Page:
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- Assassin's Creed Rogue
Cold weather, hot knife.
Forgetting the franchise’s tendency to follow history closely enough to twist it, Assassin’s Creed Rogue seemingly hopes to upend much of what you’d expect from the series by changing focus and appearing on Xbox 360 and PlayStation 3. To that end, Rogue puts players in the boots of a Templar as opposed to the hooded figures the games have been named after for years.
Unfortunately, I didn’t get to learn much about the game’s story despite the relatively polished presentation ahead of release. Instead, Rogue’s PAX Prime 2014 demo focused on changes to the naval combat that will return from Assassin’s Creed III and Assassin’s Creed IV Black Flag, though the developers promised that Rogue will still feature plenty of land to explore as well. I left impressed by the engine’s ability to keep up with harsh weather effects and crowded ship-to-ship boarding battles though that shouldn’t be a surprise for anyone who enjoyed Black Flag on the older consoles.
In Rogue, players take on the role of Shay Cormac, a templar hunting down the Assassin order. Shay gets his own ship, just like Edward Kenway did with the Jackdaw though Rogue’s Morrigan looks more slender. The developers said that the change was made to allow players to navigate river passages though the sequence I played took place in the North Atlantic. The game is divided into sections though there are no loading screens as you transition from coast to coast or ship to shore.
This particular sequence sent Shay into uncharted waters to search for a wrecked ship, though I wrecked quite a few more on my way to the objective. As was the case with Black Flag, players will find no shortage of enemies on the high seas along with supplies to loot and hidden treasure to find. That doesn’t mean the developers haven’t added to the mechanics to keep them fresh and entertaining, bringing new strategic elements into the cold North.
Icebergs littering the seas can be used both as cover from enemy ships, but also as a means of pushing the enemy’s cannon fire well off your aft. Firing on an iceberg caused it to crumble and create a large wave which made incoming damage fly left as I did my best to flank the ships just ahead. The Morrigan also offers the option to upgrade the bow with an ice-cutter that’ll carve through sheets of frozen sea blocking your way. I asked if Rogue prevents players from exploring the map in this way, but Ubisoft doesn’t want to arbitrarily limit exploration even if you need to upgrade specific pieces to take certain paths.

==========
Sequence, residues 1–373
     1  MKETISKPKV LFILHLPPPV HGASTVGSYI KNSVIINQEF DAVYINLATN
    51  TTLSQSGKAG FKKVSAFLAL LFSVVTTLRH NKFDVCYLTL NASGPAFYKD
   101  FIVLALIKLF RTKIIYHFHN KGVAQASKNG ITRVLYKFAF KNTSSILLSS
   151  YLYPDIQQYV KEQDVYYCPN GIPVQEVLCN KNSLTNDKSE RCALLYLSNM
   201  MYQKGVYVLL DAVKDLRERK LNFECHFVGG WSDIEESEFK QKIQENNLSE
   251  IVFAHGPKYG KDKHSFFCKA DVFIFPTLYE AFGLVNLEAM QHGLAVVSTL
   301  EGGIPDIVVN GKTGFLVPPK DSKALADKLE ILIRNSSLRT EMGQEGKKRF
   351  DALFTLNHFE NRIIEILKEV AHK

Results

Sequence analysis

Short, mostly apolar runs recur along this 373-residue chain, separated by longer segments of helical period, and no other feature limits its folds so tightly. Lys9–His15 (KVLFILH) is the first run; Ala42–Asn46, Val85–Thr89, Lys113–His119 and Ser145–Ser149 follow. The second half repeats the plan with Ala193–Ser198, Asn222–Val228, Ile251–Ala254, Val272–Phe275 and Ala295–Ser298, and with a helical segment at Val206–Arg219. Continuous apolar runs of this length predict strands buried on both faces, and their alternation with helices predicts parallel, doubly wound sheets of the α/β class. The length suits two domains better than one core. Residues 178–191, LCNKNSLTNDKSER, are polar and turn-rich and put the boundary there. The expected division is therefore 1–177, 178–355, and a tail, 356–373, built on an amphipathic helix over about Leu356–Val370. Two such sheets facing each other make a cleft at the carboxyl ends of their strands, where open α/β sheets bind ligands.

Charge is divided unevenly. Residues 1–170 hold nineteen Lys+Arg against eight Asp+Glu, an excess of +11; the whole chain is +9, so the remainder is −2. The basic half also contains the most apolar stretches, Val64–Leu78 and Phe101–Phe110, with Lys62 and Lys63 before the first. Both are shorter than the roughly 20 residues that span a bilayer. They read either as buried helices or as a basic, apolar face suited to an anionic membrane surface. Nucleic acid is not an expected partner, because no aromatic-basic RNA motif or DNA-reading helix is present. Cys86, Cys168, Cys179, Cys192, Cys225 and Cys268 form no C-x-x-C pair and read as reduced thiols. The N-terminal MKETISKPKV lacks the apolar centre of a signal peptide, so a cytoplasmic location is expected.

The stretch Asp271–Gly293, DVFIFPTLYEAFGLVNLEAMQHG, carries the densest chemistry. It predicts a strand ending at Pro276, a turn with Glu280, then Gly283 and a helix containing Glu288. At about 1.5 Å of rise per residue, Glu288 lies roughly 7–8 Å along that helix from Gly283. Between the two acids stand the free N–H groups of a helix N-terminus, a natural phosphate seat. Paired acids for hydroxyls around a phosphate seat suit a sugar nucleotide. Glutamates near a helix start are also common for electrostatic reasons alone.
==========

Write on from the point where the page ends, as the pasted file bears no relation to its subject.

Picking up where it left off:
I didn’t get a chance to look at the overall map but the sequence I played seemed to maintain the same sense of freedom as in Black Flag, perhaps to a fault. While next-gen and PC gamers will sort of return to form with the franchise as Assassin’s Creed Unity removes naval gameplay in favor of a massive Paris cityscape in upheaval, Rogue’s narrative potential intrigues me more than anything else.
Templars and Assassins have been at war for six games now and they’ll continue that strife in two separate pieces of software with two completely different narratives, environments, gameplay loops, and main characters. While I also got to play Assassin’s Creed Unity, its focus on coop has me leaning on Rogue for more of Ubisoft’s ongoing narrative. Why does the publisher want its fans to see this side of the conflict? Why now? Is Shay a Templar simply to set this game apart from Unity or will he uncover something the Assassins could never have known in the first place?
We’ll find out when Assassin’s Creed Rogue arrives on store shelves November 11th.